The DOJ's no-notice policy has been a failure on many fronts. It has systematically violated the rights of criminal defendants, leaving behind a mess for the federal courts. It has put the Solicitor General in a difficult position, one where it is incumbent on him to correct the record in the Supreme Court. And it has prevented any court from publicly reviewing the constitutionality of a surveillance law that affects millions of Americans.

PENDING CASES:

Prosecution

Status/Notes

United States v. Zazi

E.D.N.Y.

No. 09-00663

Referenced by FBI Deputy Director Sean Joyce in June 18, 2013 testimony. Zazi has pled guilty, but has not yet been sentenced. He has entered into a cooperation agreement with the government.

United States v. Daoud

N.D. Ill.

No. 12-00723

Referenced by Senator Feinstein in Dec. 27, 2012 testimony. FISA notice filed.

United States v. Qazi

S.D. Fla.

No. 12-60298

Referenced by Senator Feinstein in Dec. 27, 2012 testimony. FISA notice filed.

United States v. Gojali

C.D. Cal.

No. 12-00092

Referenced by Senator Feinstein in Dec. 27, 2012 testimony. FISA notice filed.

United States v. Osmakac

M.D. Fla.

No. 12-00045

Referenced by Senator Feinstein in Dec. 27, 2012 testimony. FISA notice filed.

United States v. Muhtorov

D. Colo.

No. 12-00033

Referenced by Senator Feinstein in Dec. 27, 2012 testimony. FISA notice filed.

United States v. Khan

D. Ore.

No. 12-00659

FISA notice filed.

United States v. Hussein

S.D. Cal.

No. 13-01514

FISA notice filed.

United States v. Kurbanov

D. Idaho

No. 13-00120

FISA notice filed.

United States v. Tounisi

N.D. Ill.

No. 13-00328

FISA notice filed. Related to United States v. Daoud.

United States v. Fishenko

E.D.N.Y.

No. 12-00626

FISA notice filed.

CLOSED CASES:

Prosecution

Status/Notes

United States v. Headley

N.D. Ill.

No. 09-00830

Referenced by FBI Deputy Director Sean Joyce in June 18, 2013 testimony.

United States v. Ouazzani

W.D. Mo.

No. 10-00025

Referenced by FBI Deputy Director Sean Joyce in June 18, 2013 testimony. No FISA notice filed.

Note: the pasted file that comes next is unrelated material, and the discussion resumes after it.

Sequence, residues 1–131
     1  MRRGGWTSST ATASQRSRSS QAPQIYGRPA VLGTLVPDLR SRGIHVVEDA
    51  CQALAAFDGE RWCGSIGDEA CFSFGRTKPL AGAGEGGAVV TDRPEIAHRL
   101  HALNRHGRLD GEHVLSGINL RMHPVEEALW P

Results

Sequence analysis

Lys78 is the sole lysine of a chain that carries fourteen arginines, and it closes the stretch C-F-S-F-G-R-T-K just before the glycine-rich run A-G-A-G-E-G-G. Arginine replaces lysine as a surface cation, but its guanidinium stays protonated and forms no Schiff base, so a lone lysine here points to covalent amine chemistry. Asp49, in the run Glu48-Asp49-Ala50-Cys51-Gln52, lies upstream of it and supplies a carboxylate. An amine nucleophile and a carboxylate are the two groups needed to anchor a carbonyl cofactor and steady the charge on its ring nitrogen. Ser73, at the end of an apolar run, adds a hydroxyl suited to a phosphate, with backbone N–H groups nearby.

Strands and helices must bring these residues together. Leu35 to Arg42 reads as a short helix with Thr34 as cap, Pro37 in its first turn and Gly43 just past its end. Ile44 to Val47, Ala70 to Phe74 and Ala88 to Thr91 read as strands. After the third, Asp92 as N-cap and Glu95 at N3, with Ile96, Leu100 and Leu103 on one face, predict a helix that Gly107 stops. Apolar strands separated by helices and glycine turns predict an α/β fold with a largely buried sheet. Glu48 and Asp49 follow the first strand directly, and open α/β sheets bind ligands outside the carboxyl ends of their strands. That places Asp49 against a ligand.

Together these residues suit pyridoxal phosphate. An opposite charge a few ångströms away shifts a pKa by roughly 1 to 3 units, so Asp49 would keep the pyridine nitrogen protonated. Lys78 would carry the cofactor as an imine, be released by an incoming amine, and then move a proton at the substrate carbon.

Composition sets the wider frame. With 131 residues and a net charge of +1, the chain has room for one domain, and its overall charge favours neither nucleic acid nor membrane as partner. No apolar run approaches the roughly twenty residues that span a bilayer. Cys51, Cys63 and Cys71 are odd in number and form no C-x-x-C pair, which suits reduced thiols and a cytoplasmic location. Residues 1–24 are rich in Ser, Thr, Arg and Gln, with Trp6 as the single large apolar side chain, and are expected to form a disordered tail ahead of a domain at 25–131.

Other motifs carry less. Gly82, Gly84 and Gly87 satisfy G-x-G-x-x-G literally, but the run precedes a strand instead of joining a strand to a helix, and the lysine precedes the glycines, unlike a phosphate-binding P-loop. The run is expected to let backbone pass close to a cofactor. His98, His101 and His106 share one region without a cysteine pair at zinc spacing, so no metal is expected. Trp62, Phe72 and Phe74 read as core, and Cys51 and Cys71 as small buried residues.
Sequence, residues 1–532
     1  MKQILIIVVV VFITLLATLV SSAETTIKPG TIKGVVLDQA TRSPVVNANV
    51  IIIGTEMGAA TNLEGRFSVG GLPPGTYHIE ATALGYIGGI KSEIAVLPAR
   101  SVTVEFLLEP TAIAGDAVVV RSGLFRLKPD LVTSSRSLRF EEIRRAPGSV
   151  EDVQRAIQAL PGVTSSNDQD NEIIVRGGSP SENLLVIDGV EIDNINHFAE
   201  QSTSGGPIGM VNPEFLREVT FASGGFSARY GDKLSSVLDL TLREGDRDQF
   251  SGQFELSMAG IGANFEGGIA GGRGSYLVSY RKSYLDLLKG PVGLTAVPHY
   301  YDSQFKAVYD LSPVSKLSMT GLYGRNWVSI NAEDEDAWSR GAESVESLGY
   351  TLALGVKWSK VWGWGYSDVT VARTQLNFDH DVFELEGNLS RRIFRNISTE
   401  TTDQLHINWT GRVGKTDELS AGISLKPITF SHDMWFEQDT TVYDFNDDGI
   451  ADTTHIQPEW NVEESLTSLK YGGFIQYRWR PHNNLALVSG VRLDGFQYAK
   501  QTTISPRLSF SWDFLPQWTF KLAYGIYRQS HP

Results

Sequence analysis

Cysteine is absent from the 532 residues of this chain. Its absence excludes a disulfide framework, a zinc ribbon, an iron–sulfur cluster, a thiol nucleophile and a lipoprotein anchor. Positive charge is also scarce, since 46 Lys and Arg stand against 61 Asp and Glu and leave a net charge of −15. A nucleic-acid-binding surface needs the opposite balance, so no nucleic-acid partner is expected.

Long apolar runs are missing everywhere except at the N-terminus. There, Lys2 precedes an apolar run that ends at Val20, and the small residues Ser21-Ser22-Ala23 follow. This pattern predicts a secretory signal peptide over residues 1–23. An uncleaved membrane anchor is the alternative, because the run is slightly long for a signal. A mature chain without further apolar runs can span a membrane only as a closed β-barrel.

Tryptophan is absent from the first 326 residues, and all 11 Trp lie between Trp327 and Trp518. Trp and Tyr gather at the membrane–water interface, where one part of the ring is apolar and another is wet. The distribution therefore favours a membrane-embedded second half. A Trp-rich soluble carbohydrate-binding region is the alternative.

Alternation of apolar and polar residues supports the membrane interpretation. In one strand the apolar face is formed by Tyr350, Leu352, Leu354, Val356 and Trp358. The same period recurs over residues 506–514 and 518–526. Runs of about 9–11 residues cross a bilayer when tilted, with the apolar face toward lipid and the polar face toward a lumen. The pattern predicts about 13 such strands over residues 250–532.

United States v. El Khalifi

E.D. Va.

No. 12-00037

Referenced by Senator Feinstein in Dec. 27, 2012 testimony.

United States v. Nafis

E.D.N.Y.

No. 12-00965

Referenced by Senator Feinstein in Dec. 27, 2012 testimony.

United States v. Arbabsiar

S.D.N.Y.

No. 11-00897

Referenced by Senator Feinstein in Dec. 27, 2012 testimony.

United States v. El-Hanafi

S.D.N.Y.

No. 10-00162

Related to United States v. Ouazzani. No FISA notice filed. Defendant Wesam El-Hanafi has pled guilty but is appealing his sentence.

United States v. Khan

S.D. Fla.

No. 11-20331

FISA notice filed. Defendant Hafiz Muhammad Sher Ali Khan convicted at trial; appeal pending.

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Gail Lakritz

I would like to prove that information gathered from NSA was used for personal gain. I have proof my ex has ties to both the CIA drone program and now with the connection of NSA to the drones as well, it would appear that he and his lawyer were able to get my private communications with others. He made payments to the AF Colonel in charge of the drone program. I have his handwritten records of payment. He denied under oath that these notes were in his handwriting and the judge refused to allow me to prove it. I have a sneaking suspicion that his lawyer, a qui tam, has a pipeline to knowing who can be bribed in the military system. The Air Force has blocked all attempts to FOIA records of these payments to Col. Skaja. Can you assist?d

Anonymous

Are the non-defendant victims who were illegally targeted by NSA employees (love interests, etc.) notified that this was done to them? How can they find out if it was done?

Anonymous

Are the above defendants American Citizens? If not then they do not deserve our civil liberties.